Bipartisan Jobs Bill Receives Bipartisan Boos

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Sens. Max Baucus and Charles Grassley released a wide-ranging jobs bill, which everybody agrees has a decent chance to get bipartisan support and a better chance to create a disappointing number of jobs. The bill provides an exemption from Social Security payroll taxes for every worker hired in 2010. The exemption is capped at $106,800. It also provides a $1000 tax credit reward for keeping the employer on payroll for more than a year. The cost: $13 billion over 10 years. The bill also allows companies to write off up to $250,000 of certain capital expenses.

The problem, everybody seems to agree, is that the reason most employers aren't hiring is not that they are afraid of incurring more payroll taxes. Instead, it's that there is not enough demand for their products or services to boost profits they would use to hire more workers.


The derision for this bipartisan bill is -- sigh -- bipartisan. Hugh Hewitt scoffs at the idea that employers will respond to a $1000 gimmick. Steve Benen and other liberals think the bill is way too small to work. I've been back and forth on the potential success of tax incentives for hires. My history of writing about hiring tax credits is long, but the history of their unqualified success is short. When the CBO looked at the 1970s New Jobs Tax Credit, they found ... well, very little evidence to prove either its efficacy or wastefulness.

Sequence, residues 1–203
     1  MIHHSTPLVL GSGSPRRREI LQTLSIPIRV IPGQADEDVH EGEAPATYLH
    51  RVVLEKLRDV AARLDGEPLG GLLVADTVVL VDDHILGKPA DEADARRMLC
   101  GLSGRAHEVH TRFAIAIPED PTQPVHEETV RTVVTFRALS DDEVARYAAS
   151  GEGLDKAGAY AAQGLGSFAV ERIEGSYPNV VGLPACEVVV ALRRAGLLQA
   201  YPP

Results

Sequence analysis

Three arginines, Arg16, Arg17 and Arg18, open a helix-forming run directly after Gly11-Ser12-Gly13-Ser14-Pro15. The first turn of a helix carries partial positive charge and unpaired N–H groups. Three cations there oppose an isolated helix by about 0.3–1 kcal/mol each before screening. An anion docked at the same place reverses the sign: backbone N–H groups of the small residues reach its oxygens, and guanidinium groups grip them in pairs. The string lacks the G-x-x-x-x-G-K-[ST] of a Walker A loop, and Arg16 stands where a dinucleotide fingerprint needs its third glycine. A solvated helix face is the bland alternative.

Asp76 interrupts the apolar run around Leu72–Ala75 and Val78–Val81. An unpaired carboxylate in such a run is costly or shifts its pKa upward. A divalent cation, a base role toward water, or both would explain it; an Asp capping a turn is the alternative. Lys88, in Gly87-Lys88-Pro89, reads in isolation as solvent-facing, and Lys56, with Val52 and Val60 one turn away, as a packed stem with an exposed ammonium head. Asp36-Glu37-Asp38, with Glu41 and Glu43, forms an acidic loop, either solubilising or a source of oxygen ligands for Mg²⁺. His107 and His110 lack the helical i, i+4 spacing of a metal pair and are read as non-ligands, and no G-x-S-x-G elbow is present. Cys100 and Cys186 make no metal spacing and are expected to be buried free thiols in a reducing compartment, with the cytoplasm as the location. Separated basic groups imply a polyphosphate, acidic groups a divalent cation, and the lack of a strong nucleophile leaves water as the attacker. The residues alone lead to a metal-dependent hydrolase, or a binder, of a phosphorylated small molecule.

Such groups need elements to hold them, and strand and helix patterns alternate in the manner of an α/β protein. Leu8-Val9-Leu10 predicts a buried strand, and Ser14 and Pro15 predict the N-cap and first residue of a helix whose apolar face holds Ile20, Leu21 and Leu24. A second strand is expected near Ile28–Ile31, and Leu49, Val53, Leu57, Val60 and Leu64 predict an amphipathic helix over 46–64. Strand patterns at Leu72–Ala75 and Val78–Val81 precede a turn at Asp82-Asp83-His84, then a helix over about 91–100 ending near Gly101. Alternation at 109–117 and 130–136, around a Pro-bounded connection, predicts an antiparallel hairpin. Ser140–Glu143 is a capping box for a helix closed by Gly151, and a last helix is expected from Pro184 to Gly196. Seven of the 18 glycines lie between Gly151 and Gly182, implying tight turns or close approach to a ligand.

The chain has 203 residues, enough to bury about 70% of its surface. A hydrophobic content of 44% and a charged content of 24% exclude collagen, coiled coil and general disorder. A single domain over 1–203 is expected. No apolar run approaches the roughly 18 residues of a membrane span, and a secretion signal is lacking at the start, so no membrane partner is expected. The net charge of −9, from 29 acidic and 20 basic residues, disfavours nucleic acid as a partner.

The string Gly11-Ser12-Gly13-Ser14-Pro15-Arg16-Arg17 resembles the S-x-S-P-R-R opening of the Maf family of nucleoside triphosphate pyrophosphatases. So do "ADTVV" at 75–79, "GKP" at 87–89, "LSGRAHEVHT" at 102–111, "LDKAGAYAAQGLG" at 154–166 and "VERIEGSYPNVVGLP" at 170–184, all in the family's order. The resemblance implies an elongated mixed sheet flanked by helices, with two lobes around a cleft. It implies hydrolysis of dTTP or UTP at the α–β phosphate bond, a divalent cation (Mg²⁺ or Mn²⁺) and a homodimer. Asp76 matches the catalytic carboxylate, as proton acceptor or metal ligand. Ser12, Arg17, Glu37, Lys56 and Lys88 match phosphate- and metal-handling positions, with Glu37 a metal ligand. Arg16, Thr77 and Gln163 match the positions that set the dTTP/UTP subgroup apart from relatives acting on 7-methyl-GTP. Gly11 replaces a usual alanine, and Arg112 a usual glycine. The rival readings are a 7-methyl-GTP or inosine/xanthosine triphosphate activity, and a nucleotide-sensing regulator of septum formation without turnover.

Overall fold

A bit of cheeriness to end: CBO's economic models project that the payroll tax credit is one of the more efficient ways to stimulate employment -- bested only by increasing aid to the unemployed (who'll spend it quickly, making unemployment insurance a no-brainer way to lift sagging demand).

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Derek Thompson is a senior editor at The Atlantic, where he writes about economics, labor markets, and the entertainment business.

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